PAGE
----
What is Nowruz? Explaining the Persian New Year

Celebrations of Chaharshanbe Suri in Tehran

What is Nowruz?

It is a day that marks the New Year across parts of the Middle East, the Balkans, the Caucasus and Asia. It can be spelled Novruz, Nowrouz, Nooruz, Navruz, Nauroz or Nevruz depending on the region.

Where is it celebrated?

Nowruz is celebrated by 300 million people in places such as Afghanistan, Albania, Azerbaijan, the Former Yugoslav Republic of Macedonia, Georgia, India, Iran, Kazakhstan, Kyrgyzstan, the Iraqi Kurdistan, Tajikistan, Turkey, Uzbekistan, Pakistan and Turkmenistan. Crimean Tatars also celebrate it in Ukraine.

When is it celebrated?

The exact moment of Nowruz on the 20th of March varies depending on the exact calculation of when the length of the day and the night are equal.

What is the meaning of Nowruz?

In the Persian language, Nowruz means No (new) and rouz (day). It means new day, symbolising new life, new beginnings. Every year, Nowruz coincides with the start of spring and traditionally celebrates the rebirth of nature. It also coincides with the spring equinox.

How is Nowruz celebrated?

This depends on the country. But it is not a one-day affair. In Iran, Nowruz ceremonies start with a set of rituals of preparing for the new year and the marking the end of the cold season. It starts with people carrying out a thorough cleaning of their homes.On the last Tuesday of the year, it is Chaharshanbeh-Soori or bonfire night. People jump over a trail of bonfires and the youngsters make a lot of noise with firecrackers.

Chaharshanbeh-Soori continues with a ritual later in the night, with people disguising themselves with long scarves and going door-to-door in the neighborhood asking for treats, which are mostly a mix of Persian roasted nuts.

The traditional rituals continue on the last Thursday of the year with many families remembering their dead relatives. Nowruz for Persian-speakers is a time of deep respect for the ancestors.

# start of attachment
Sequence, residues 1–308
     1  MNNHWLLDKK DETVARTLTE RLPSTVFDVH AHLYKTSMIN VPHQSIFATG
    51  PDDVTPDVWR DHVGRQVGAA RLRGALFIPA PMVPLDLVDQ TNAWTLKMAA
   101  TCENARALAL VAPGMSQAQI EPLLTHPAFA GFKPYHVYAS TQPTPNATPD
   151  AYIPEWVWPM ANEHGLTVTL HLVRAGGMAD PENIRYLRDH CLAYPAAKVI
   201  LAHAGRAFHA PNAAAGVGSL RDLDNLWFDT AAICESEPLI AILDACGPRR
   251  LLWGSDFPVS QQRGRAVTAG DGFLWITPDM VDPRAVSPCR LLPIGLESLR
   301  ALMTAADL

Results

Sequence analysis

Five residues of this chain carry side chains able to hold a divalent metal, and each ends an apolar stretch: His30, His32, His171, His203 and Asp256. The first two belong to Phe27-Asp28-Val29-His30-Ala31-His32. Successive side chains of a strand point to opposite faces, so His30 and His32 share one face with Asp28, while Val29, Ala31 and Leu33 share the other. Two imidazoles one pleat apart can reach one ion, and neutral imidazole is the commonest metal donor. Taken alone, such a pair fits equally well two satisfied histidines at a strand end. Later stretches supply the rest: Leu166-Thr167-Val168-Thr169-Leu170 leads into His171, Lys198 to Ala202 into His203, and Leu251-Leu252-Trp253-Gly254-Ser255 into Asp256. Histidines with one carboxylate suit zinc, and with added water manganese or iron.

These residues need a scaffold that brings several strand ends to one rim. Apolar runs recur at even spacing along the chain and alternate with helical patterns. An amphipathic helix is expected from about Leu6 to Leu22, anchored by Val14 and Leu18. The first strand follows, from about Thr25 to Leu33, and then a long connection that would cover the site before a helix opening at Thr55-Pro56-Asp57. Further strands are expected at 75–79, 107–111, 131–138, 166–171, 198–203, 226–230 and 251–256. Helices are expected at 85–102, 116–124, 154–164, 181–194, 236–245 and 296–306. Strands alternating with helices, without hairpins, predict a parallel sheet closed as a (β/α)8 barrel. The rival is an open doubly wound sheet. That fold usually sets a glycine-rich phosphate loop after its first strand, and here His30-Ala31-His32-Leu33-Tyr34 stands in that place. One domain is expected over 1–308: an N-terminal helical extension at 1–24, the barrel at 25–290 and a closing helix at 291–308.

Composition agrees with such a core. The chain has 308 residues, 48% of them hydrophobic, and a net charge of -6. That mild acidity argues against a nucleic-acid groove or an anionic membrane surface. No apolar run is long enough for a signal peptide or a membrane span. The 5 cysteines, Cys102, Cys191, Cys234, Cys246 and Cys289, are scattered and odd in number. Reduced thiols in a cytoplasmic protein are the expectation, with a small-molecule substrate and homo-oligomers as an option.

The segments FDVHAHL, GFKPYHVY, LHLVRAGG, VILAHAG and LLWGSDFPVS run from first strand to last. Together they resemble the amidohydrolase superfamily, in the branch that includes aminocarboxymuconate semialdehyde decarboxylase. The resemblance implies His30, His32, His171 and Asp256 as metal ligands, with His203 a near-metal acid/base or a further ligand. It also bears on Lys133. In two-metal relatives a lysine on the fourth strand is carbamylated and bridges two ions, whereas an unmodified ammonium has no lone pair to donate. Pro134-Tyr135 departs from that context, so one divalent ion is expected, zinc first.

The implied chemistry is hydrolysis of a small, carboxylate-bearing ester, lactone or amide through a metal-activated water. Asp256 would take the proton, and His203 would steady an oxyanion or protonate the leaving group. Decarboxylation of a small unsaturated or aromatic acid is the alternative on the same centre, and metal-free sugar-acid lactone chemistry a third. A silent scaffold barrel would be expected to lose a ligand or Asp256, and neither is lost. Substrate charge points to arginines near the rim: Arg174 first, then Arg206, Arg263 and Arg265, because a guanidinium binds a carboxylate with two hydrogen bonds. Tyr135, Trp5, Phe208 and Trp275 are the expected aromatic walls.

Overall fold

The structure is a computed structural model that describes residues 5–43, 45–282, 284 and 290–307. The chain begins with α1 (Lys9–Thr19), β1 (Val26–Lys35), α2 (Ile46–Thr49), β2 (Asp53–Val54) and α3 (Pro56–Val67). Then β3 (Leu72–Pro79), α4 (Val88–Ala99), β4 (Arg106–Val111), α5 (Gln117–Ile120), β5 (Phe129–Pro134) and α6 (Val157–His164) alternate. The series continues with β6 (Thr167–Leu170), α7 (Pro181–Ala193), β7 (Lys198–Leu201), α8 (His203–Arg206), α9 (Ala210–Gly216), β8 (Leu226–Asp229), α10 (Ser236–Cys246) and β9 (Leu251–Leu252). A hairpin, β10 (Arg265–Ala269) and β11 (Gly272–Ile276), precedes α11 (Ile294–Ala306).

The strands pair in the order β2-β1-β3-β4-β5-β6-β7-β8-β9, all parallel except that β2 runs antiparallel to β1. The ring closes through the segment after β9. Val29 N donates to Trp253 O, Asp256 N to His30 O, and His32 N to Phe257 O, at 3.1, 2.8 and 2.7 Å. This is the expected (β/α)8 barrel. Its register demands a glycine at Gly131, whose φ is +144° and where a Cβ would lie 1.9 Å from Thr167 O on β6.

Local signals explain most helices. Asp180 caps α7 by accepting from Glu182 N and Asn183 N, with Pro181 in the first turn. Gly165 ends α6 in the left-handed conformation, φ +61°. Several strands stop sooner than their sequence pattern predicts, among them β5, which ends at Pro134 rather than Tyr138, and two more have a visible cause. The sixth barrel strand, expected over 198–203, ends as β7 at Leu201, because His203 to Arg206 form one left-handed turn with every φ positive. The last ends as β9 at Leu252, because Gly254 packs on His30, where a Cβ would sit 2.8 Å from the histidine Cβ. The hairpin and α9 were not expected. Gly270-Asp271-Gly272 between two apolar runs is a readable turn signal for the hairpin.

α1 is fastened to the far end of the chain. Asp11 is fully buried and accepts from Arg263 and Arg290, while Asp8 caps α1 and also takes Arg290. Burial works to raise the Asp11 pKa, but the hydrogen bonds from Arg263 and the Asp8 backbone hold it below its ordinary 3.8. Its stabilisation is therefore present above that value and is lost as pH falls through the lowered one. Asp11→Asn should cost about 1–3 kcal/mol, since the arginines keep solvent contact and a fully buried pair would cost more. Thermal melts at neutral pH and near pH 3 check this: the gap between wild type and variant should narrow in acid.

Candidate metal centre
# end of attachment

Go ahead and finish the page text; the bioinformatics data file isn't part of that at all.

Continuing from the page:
The celebrations culminate with the countdown to the New Year, with families gathering around what is known as the Haft-Seen table. The ritual involves laying out specific objects on a tablecloth, including seven edible items beginning with ‘s’.

The main items are:

1. Somagh (sumac) : symbolizes the color of sunrise
2. Serkeh (vinegar): symbolizes age and patience
3. Senjed (dried fruit from lotus tree): symbolizes love
4. Samanoo (sweet pudding): symbolizes affluence
5. Sabzeh (sprouts): symbolizes rebirth
6. Sib (apple): symbolizes health and beauty
7. Sir (garlic): symbolizes medicine

Additional items that begin with the letter “s” that are commonly seen on the Sofreh are:

Sekkeh (coin): symbolizes wealth and prosperity
Sonbol (hyacinth): a spring spring flower

Other items included are:

Mahi (fish): symbolizes life
Tokhmeh Morgh (egg): symbolizes fertility
Sham (candle): symbolizes enlightenment
Shirini (sweets): symbolizes spreading the sweetness
A book of poetry or prayer

The rituals continue until the 13th day of the New Year. Iranians believe that it is a bad omen to stay at home and so they all go out for picnics or barbecues in parks.

Where does Nowruz come from?

The celebration is now embedded in the Iranian culture, but the roots can be traced back 3,000 years, to traditions from the Zoroastrian religion. Zoroastrianism, an ancient Iranian religion that respected fire, was once the state religion of Ancient Iran. Zoroaster is the founder of Zoroastrianism. He was a prophet known for the book Avesta. The slogan of their religion was “Good Thoughts, Good Words, Good Deed.”

A day recognised internationally

The United Nations General Assembly recognised March the 21st as the International Day of Nowruz in 2010. The year before that it was added to the UNESCO List of the Intangible Cultural Heritage of Humanity. Canada also passed a law recognising March 21 as Nowruz Day.

Who is Haji Firouz?

He is a fictional character in Iranian folklore who appears at the beginning of Nowruz. His face is covered in soot and he is clad in bright red clothes and a felt hat. He entertains passers-by by singing traditional songs and dancing and playing his tambourine for a few coins. He rarely knocks on a door, but begins his performance as soon as the door is opened.

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